My rating: 4 stars
The adventurous Isabella may be a woman in a fantasy setting, but the challenges she had to face to be accepted as a dragon naturalist mirror those from the real world. In the fourth instalment of The Memoirs of Lady Trent, In the Labyrinth of Drakes, Marie Brennan continues to explore various current themes, such as women’s rights, social classes and the ethics behind scientific methods. As those who have read A Natural History of Dragons, The Tropic of Serpents and Voyage of the Basilisk already know, this series has evident anthropological, scientific and social components.
Thomas Wilker, an old-time colleague of Isabella’s who participated in all her exploits, was offered a place as a dragon naturalist at the Scirling Royal Army. Seeing that he would only accept the position if Isabella joined him, she became their employee as well. It wasn’t easy for the army to accept a woman in their midst, however. Their mission was to go to Akhia to discover how to breed dragons. Their bones are light but immensely strong. Although they decay really fast after a dragon’s death, there is a method for preserving them. In order for the army to have a steady supply of bones, dragons had to be bred. Killing the ones in existence wasn’t a viable solution, as that would only lead to their extinction.
In Akhia, a couple of reunions awaited Isabella. The first one was with her brother Andrew, who was in the army and asked to be sent there to see her. She was delighted to be able to spend some time with him again, since he was one of the few relatives that she truly loved. She also encountered an old friend, which resulted in renewed gossip that almost created further complications for her work. Isabella, fortunately, didn’t always behave in a way that was deemed socially acceptable for a woman.
The dragons already in captivity had been mutilated so they couldn’t fly. Isabella understood why the naturalist they replaced had done that, but she didn’t fully approve. Scientific methods should take into consideration the well-being of the animals. When she saw them, she immediately realised that they were unhappy. Isabella became particularly attached to one of the dragons, Lumpy, who had a defect in his bones that made him too heavy for his size. The species of dragons that she had encountered in previous books were not the ones that we imagine straightaway. But the desert drakes of Akhia are, which was exciting for her. How she describes the common perception we have of dragons possibly alludes to the dragon of The Hobbit, Smaug.
“They are in many respects the quintessential dragons, the sort that come to mind the instant one hears the word. Scales as gold as the sun, giving rise to legends that dragons hoard gold and sleep atop mountainous piles of it, until their hides are plated with the precious metal; fiery breath that sears like the desert summer itself.”
Isabella is not averse to taking risks to learn more about dragons. Thus, they ventured into the desert to observe dragons in the wild. There were rebellious tribes there and consequently political trouble, which could be related to their presence in Akhia. The political aspects are slightly confusing at times, although not as much as in other books in the series. This instalment lacks further background information about the location it’s set in, so it would be easier to understand the arrangements in place between Akhia and Scirling. The series is set in a fantasy world, but all regions mentioned mirror aspects from Earth. Akhia shares similarities with Arab countries in terms of climate, architecture and customs.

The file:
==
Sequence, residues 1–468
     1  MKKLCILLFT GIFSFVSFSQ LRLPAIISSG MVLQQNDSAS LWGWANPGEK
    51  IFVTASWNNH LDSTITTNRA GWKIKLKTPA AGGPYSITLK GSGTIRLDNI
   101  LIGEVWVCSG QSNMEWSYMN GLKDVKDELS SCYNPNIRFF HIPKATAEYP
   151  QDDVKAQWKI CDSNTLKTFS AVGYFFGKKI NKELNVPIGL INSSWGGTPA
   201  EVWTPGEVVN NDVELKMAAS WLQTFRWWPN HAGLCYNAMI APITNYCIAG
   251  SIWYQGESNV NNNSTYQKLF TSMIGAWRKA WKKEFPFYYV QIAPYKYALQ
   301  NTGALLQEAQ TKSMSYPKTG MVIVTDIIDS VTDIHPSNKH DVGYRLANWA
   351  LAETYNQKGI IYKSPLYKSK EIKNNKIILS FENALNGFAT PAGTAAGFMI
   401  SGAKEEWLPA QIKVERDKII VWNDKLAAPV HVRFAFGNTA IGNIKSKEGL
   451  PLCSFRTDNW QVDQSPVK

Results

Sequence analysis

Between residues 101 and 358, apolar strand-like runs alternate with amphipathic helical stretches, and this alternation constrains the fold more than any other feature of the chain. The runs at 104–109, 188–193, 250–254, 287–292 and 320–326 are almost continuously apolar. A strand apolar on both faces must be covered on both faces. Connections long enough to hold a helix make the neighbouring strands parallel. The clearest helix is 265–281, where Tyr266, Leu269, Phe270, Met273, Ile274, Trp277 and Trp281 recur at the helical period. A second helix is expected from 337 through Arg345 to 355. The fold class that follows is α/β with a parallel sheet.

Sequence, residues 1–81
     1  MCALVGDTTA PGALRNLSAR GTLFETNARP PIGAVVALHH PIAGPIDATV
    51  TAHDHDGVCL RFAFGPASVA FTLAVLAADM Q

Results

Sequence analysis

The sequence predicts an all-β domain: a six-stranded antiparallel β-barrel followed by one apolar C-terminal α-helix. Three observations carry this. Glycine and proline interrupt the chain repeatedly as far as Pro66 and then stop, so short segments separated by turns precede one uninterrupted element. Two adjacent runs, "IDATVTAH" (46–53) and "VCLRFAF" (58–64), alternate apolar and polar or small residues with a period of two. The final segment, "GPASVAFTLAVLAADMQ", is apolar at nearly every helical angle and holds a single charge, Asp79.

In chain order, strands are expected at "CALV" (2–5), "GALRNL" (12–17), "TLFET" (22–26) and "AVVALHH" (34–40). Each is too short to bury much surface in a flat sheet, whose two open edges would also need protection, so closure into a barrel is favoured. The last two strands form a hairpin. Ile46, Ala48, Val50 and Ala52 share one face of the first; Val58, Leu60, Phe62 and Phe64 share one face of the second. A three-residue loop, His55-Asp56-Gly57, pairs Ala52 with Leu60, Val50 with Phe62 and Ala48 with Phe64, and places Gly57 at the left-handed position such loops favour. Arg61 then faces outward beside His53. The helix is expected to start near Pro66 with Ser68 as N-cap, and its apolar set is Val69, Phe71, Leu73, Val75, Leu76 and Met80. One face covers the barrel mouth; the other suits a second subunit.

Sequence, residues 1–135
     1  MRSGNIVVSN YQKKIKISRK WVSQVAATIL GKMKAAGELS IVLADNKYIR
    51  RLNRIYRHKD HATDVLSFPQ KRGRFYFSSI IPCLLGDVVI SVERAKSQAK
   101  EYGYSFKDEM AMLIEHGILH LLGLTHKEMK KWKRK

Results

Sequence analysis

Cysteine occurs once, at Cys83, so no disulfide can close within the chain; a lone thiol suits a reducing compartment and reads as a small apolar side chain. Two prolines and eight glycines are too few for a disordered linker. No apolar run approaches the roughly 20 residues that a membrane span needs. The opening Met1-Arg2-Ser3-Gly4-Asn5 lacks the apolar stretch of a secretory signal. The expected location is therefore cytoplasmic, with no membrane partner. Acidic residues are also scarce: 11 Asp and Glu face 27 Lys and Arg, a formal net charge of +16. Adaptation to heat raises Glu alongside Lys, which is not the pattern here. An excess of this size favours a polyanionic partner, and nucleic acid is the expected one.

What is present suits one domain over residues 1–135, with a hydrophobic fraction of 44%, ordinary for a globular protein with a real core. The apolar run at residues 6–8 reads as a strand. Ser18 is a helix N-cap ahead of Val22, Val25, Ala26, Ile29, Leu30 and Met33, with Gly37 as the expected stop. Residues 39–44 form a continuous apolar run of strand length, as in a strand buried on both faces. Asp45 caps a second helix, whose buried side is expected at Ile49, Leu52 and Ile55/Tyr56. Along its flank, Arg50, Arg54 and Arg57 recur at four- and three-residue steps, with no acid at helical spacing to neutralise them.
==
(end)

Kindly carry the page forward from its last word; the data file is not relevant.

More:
Throughout the novel, there are various noteworthy mentions to the difficulties that women had to face to be accepted in the scientific community and to how they were supposed to behave in society. But men from the lower classes also struggled to be seen as equals and have their work acknowledged. In order to achieve the same level of recognition, both had to work much harder than men from a privileged background.
“To be so exceptional, they could no longer shut us out; and having done that, to hope that those who came after might be judged on equal terms with those who should be their peers.”
Social issues aside, the book is at its best when it focuses on the characters’ most intimate concerns, after all the series is written as if it were a real memoir. In the preface, Isabella assumes that readers already know about her discovery in the Labyrinth of Drakes, so she states that she will mention it, despite focusing more on the personal side of that tale. Isabella was very outspoken and that characteristic is behind some of the best moments in the book. She tried to keep her feelings to herself but failed. The recollection of that particular time in her life is both glorious and hilarious. Isabella and Andrew’s interactions are also amusing at times. Their sibling affection feels real, and he understood the personal reasons behind some of her actions better than anyone else.
In the Labyrinth of Drakes is both thought-provoking and entertaining. Although it derives from events mentioned in previous books, it also introduces a new adventure, while leaving us eager to read the next and final instalment in the series.